During the last years, it is noticeable that there is an existing conflict between patent law and antitrust law, according to standard-essential patents (SEPs). Patent law provides a patent holder the right to prevent other parties from using its patented invention. On the other hand, antitrust law prohibits the abuse of a dominant position – under the article 102 of the Treaty on the Functioning of the European Union – when a SEP holder prevents a SEP user from implementing an industry standard by requesting injunctive relief.
For this reason, the main question is, under which circumstances a claim for injunctive relief could be an abuse of a dominant position. An answer to this question provides the Regional Court of Dusseldorf in the case St. Lawrence Communication v. Vodafone (4a O 73/14), in which has clarified the requirements of an antitrust defense against a Standard Essential Patent (SEP). The German Court, in light of the Court of Justice’s judgment in Huawei/ZTE (Case C-170/13) for the first time, has issued whether or not the actual license offered by the Plaintiff was FRAND (fair, reasonable and non-discriminatory).
The plaintiff is offering the patent in suit as well as its other patents in terms of a global portfolio license. The claim of the Plaintiff was that the Defendant has infringed the patent in suit. The German Court stated that there was an infringement and that the defendant “cannot raise the compulsory license objection on the basis of antitrust law”. It has also to be mentioned that the criteria set forth by the CJEU are applicable to the present case and that the German Court has offered, based on the Huawei/ZTE case, further guidance on some details not expressly mentioned in the Huawei/ZTE case.
Accordingly, the SEP holder should inform and notify the infringement before bringing an action for a prohibitory injunction, while the infringer has to declare willingness to license. As a matter of fact, the SEP holder has to make a specific, written license offer at fair, reasonable and non-discriminatory terms (FRAND). If the infringer does not respond to this offer, has to make a counter-offer within a short period of time. In this case, if the SEP holder will reject the counter-offer the infringer is obliged to render an account and provide security for the payment of the licensing fees.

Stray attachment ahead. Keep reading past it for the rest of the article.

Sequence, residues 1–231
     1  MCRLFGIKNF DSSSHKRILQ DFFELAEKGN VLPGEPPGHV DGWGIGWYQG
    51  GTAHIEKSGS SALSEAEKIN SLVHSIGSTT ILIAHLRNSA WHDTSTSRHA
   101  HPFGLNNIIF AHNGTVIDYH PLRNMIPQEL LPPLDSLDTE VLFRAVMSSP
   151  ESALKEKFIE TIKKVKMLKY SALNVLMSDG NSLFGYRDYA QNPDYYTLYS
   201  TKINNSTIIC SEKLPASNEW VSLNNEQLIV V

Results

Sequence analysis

The German Court has underlined that it is necessary to notify the infringement to the patent user, before the submission of the complaint and the payment of court fees. Even if the Plaintiff has already filed and paid the courts fee before notifying the infringement, the Court has disregarded this criterion on the basis of the principle of legal certainty. By this statement the German Court has tried to mitigate the effect of the application of the Huawei/ZTE case law to a German case initiated before the CJEU ruling.
Furthermore, the Court has rejected the defendant’s statement of willingness to be granted with a license during the course of the trial, because it was out of time per se. The Court also added that the plaintiff is able to file for an injunction regardless of the further requirements set out in Huawei/ZTE, because of the untimely declaration of the defendant.
In addition, the Court evaluated whether the offer by the plaintiff was in fact FRAND. It has been made clear that comparable license agreements previously concluded with other licensees are an important evidence of the terms being FRAND. However, such comparable is not applicable, when the other license agreements have been concluded under the pressure of an injunction. In the case at stake, the Court has found that the submission of 12 other comparable license agreements by the plaintiff was a sufficient index of a FRAND offer. The license agreement offered to the patent user could be also worldwide license, that represents a common practice in the patent license sector.
Besides that, the plaintiff must also specify the manner of calculation of the royalties which the FRAND offer demands. As FRAND is usually not a specific amount but a range, the plaintiff is not obliged to state a mathematical source. Hence, it should not be interpreted so strictly. However, the most important is, that the defendant neither made a counter-offer nor rendered an account, which is why the FRAND-defense was dismissed by the Court.
Last but not least, the Court highlighted that a lawsuit against a distributor aiming at the conclusion of a license agreement with the supplier does not constitute per se a breach of antitrust law, since the plaintiff should comply with antitrust laws either suing the distributor or suing the supplier.
From my point of view, it is worth mentioning that for the first time, the German Court has tried to clarify what are FRAND terms. The German Court has identified as valid comparable the existing license agreements, even if in this case becomes crucial evaluating whether these comparable license agreements have been contracted under the pressure of an injunction. In addition the Court has clarified some important aspects of the behavior of the patent holder and the patent user. Therefore, the Court pointed out that the notification by the patent holder must precede the filing of a lawsuit, so that the patent user is in the position to negotiate without the pressure of a pending litigation. On the other hand, the declaration of willingness to be granted with a license by the defendant must arise on time (i.e. before the filing of a lawsuit).